Sebi. (Photo: Kamlesh Pednekar)
The Securities and Exchange Board of India (Sebi) on Friday gave time till December 2020 to Life Insurance Corporation of India (LIC), State Bank of India (SBI), and Bank of Baroda (BoB) to bring down their shareholding in UTI Mutual Fund (MF) to below 10 per cent. The market regulator said non-compliance would result in the freezing of their voting rights and excess shareholding. Sebi has also ordered a change in the board structure at UTI MF.
The Sebi order said the three public sector undertakings (PSUs) had failed to comply with the cross-shareholding norms even after 20 months.
The order comes at a time when UTI MF
has set the ball rolling on its initial public offering (IPO). On Wednesday, SBI had announced that it had approved disinvestment of an 8.25 per cent stake in UTI MF.
LIC and BoB, too, are expected to offload similar stakes via the IPO.
Currently, LIC, SBI, and BoB hold an 18.24 per cent stake each in UTI MF. Separately, the three firms are sponsors of SBI MF, LIC MF, and Baroda MF. Under Regulation 7B of the Sebi MF Regulations, notified in March 2018, “no sponsor of a mutual fund, its associate or group company including the asset management company of the fund, through the schemes of the mutual fund or otherwise, individually or collectively, directly or indirectly, has 10 per cent or more of the shareholding or voting rights in the asset management company or the trustee company of any other mutual fund; representation on the board of the asset management company or the trustee company of any other mutual fund.”
In a letter dated March 20, the three PSUs wrote to Sebi, explaining reasons for non-compliance.
“Not satisfied with the replies,” Sebi issued show-cause notices in July threatening action.
In August, Dinesh Khara, MD, SBI, P S Jayakumar, MD & CEO, BoB, and A K Anand, ED-investments, LIC, attended personal hearings before Sebi, spelling out issues with regard to meeting Regulation 7B.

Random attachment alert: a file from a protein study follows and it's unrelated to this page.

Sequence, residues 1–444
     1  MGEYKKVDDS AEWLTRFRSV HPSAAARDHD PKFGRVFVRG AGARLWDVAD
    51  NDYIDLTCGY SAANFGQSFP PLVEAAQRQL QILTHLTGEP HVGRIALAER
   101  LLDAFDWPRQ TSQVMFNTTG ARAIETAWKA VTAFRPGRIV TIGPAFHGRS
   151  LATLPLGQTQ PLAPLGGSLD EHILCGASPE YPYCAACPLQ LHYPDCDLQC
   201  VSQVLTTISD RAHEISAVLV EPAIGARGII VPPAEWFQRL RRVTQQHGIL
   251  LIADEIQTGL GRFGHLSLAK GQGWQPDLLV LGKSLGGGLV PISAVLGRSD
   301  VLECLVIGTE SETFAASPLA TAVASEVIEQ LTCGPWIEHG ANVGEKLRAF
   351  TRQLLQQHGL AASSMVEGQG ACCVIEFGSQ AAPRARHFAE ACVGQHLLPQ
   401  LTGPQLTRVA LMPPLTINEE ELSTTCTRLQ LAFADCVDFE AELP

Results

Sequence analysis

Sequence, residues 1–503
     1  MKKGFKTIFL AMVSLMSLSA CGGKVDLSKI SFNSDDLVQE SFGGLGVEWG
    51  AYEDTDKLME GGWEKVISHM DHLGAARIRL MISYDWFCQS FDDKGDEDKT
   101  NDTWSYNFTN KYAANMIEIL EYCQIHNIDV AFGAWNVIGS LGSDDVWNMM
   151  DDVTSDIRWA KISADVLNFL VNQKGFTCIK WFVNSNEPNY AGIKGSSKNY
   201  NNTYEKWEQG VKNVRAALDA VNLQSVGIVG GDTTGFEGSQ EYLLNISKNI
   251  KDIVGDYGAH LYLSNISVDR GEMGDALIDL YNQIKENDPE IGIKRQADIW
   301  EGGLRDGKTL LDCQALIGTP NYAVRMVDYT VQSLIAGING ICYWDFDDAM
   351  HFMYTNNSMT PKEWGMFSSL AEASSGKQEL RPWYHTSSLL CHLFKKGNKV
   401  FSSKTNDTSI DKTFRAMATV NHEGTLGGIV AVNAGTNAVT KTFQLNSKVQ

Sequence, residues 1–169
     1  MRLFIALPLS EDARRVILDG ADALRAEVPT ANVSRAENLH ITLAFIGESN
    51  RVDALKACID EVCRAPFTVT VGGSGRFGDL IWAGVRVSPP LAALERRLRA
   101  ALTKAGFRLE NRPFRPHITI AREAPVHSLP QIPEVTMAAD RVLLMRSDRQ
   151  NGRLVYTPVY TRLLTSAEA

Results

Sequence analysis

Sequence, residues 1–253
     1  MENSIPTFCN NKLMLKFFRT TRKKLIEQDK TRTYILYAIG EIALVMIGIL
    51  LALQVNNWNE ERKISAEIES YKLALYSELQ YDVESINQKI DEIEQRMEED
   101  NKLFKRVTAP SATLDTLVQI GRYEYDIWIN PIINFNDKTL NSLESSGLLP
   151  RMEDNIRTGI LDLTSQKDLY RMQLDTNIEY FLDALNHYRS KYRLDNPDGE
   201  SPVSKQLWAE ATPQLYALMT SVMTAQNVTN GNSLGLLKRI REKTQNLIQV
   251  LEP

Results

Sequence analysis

Among the reasons were disagreements between the shareholders, particularly US-based T Rowe Price, over bringing down the shareholding on a pro-rata basis. T Rowe holds 26 per cent in UTI MF, and Punjab National Bank owns 18.24 per cent. However, the two are not required to dilute as they are not sponsors in another fund house. Also, lack of approvals and clarity from the government’s disinvestment department (Dipam) also led to the delay, they said in their submissions. The three firms told Sebi that the UTI MF’s IPO plan has been approved by Dipam in September.
Sebi, however, rapped the three shareholders (noticees) for delaying the IPO process.
“While Regulation 7B was inserted in the MF Regulations on March 13, 2018, providing one year time-limit for its compliance, concurrence for divesting stakes in UTI AMC was sought by the noticees from Dipam only in January 2019… I feel that a more proactive approach from the noticees would have certainly expedited the compliance,” G Mahalingam, whole-time member, Sebi, wrote in the order.
The Sebi order said compliance of cross-shareholding norms was imperative. “Implementation of Regulation 7B is critical to the removal of such potential conflict of interest for improving the overall functioning of the mutual fund industry and to foster the interest of investors,” it said.